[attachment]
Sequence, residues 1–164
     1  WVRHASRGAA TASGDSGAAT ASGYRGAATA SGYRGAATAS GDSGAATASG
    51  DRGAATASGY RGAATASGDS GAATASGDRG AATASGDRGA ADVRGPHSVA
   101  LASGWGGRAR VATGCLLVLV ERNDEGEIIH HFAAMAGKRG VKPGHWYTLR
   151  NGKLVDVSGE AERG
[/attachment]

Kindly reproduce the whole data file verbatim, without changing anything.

Sequence, residues 1–164
     1  WVRHASRGAA TASGDSGAAT ASGYRGAATA SGYRGAATAS GDSGAATASG
    51  DRGAATASGY RGAATASGDS GAATASGDRG AATASGDRGA ADVRGPHSVA
   101  LASGWGGRAR VATGCLLVLV ERNDEGEIIH HFAAMAGKRG VKPGHWYTLR
   151  NGKLVDVSGE AERG